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Research behind the learning outcomes

In this video Professor Claire McLachlan discusses the research that sits behind the learning outcomes in Te Whāriki (2017).

  • Transcript

    Transcript Transcript

    What I want to do now was talk about the learning outcomes themselves. As I said Leslie and I both started with the 118 and I remember our first conversation in my office. When we looked at them and went, “Oh, how do we do this?” But anyway I think the learning outcomes have been revised at least 15 times. But part of what I did, on top of us coming up with these ideas (and they've been reworded a gazillion times but the ideas themselves actually have stayed reasonably stable) is I undertook to go and see whether there was any research evidence for those big ideas. The reassuring thing is that there is and you know that is useful. For instance for wellbeing, for mana atua, there is solid evidence that children's wellbeing is really, really important. Wellbeing has lots of components – so it's physical, it's cognitive, it's social-emotional, it’s psychological. So there's all these different parts to wellbeing.

    We also know that wellbeing involves the practical components of learning how to act, how to care for themselves, but also knowledge of how to avoid harm. So there is solid research around this.

    There's also research that shows that children need to be taught how to manage their feelings – that this isn't something that happens spontaneously. This is something teachers help them with. It's particularly important for children who've been through trauma that they need help in order to become resilient. So kaiako have an enormous role in this and this work with children.

    For belonging, for mana whenua, there's significant research on the outcomes of early childhood and you all know that. There's now years worth of research talking about what are the outcomes of high quality early childhood. The other thing that you also need to be aware of is about the outcomes of poor quality early childhood. So for children who come from challenging homes, if those children go into a poor quality early childhood centre they get the double whammy don't they? They're not getting it at home, they're not getting it in the centre. And we know that the research says that actually the outcomes for those children are much worse than if they hadn't gone into early childhood so you know it can't be stressed enough how important the high quality learning experiences are.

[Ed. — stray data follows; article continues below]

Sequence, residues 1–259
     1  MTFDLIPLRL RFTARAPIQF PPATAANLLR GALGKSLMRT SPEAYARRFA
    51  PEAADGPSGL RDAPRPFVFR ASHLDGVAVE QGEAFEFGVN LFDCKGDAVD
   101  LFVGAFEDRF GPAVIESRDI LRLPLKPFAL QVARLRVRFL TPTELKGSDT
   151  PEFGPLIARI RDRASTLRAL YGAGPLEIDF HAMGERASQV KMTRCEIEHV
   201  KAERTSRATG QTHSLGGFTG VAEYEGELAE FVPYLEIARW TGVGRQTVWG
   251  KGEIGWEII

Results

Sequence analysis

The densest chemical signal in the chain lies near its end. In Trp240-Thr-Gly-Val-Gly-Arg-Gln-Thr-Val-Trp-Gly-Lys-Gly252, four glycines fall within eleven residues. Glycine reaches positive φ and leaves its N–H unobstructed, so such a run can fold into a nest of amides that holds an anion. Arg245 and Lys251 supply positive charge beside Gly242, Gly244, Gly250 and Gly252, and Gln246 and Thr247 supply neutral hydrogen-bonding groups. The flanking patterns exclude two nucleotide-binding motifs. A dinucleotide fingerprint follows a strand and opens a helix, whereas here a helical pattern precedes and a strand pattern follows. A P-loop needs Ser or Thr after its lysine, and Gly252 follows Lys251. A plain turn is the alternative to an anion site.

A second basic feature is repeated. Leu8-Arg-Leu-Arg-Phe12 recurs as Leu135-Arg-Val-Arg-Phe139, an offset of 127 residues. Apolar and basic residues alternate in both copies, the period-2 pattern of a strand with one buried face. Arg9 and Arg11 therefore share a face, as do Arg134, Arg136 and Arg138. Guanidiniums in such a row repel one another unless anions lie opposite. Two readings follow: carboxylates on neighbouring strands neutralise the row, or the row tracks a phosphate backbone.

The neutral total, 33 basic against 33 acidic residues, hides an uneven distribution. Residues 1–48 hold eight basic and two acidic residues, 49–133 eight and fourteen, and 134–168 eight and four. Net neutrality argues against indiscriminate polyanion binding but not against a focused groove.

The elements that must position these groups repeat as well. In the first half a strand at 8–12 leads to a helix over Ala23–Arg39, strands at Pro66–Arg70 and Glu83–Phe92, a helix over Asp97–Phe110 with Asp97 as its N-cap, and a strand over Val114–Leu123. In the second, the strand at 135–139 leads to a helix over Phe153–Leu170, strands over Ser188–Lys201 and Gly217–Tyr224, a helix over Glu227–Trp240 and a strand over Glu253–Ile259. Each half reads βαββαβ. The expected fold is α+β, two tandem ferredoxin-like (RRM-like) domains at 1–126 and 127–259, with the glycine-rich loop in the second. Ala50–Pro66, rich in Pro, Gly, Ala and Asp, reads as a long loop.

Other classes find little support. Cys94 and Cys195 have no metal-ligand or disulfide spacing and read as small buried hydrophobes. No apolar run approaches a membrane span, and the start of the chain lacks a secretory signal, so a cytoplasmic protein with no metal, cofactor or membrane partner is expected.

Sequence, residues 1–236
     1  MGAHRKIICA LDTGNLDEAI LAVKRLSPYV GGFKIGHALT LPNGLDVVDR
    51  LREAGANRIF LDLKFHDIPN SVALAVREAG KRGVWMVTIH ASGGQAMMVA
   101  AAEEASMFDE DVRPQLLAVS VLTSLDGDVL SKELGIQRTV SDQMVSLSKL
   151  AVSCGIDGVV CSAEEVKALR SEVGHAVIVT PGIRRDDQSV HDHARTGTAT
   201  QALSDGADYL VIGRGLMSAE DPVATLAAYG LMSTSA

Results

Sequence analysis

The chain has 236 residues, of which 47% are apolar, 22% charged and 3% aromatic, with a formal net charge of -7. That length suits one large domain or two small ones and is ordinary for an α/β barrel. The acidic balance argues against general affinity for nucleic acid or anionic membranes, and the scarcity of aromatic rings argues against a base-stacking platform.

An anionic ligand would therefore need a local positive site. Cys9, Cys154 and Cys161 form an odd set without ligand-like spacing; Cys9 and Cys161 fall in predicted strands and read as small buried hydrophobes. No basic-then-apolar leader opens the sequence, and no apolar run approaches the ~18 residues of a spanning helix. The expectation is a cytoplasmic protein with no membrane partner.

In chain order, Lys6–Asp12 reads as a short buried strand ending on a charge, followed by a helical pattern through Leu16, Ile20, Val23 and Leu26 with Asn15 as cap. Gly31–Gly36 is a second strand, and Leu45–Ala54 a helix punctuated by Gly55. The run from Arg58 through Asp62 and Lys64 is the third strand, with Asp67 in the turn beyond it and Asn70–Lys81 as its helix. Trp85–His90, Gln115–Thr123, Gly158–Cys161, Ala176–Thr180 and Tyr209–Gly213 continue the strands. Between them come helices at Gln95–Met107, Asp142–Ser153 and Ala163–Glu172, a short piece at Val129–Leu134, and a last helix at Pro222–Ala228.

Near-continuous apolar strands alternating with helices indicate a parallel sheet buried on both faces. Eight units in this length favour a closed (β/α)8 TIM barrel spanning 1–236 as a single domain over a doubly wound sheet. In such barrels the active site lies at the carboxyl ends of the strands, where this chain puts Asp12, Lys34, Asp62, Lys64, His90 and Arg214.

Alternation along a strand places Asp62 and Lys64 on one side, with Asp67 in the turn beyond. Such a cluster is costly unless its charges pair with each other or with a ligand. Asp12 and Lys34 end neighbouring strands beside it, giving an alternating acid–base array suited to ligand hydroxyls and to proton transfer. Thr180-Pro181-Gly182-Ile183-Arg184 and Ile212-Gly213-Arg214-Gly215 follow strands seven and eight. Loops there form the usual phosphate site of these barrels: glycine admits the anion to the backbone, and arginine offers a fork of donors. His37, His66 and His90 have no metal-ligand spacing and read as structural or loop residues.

The research also says for children who have come from these quite difficult home environments that the need to have a sense of belonging is really, really important. And we know this is for all children, but particularly for those children. The research on relationships, on adaptability, and on behaviour supports this focus of Te Whāriki on children needing to feel part of the setting. I've given you some of those references but actually I was thinking afterwards that I wrote a paper for early education that's got a pile of those references actually, so that might be useful to people rather than my whistle stop tour.

    So the next one, contribution, and the research evidence around this. There are three big ideas travelling in this one and they are around: self-efficacy – so the belief in yourself, on peer learning, and on social justice. The work on self-efficacy primarily comes from Albert Bandura, who you probably know through his theories on modelling. Also from the work of Dale Schunk who has done extensive work on self-efficacy. This one explains how children come to believe in their own ability in different domains of learning.

    Children may be quite confident in some areas of learning and completely lack confidence in others. And so the research shows that teachers need to find out what can they do to help children feel confident. Certainly some of the research I've been doing on physical activity is really amazing in that space because you can see, within the period of an hour, a child's belief in their own ability to do something physically can grow. So you know this is important.

    The other one is around peer learning. And one of my doctoral students has been doing research. Some of you will know Penny Smith who's with Te Rito Maioha. Her doctorate on peer learning has had such an interesting finding. She's found that teachers believe in peer learning and talk about promoting it. Yet when she's filmed them and then got them to reflect on it, she's found that they are happy with their involvement and promoting peer learning when it's for social reasons. But when it's for cognitive reasons they don't want to own it. So a very interesting finding. But one of the big things about this notion is that you have to teach children how to learn with peers. It doesn't actually necessarily happen on its own. So there is this need for involvement.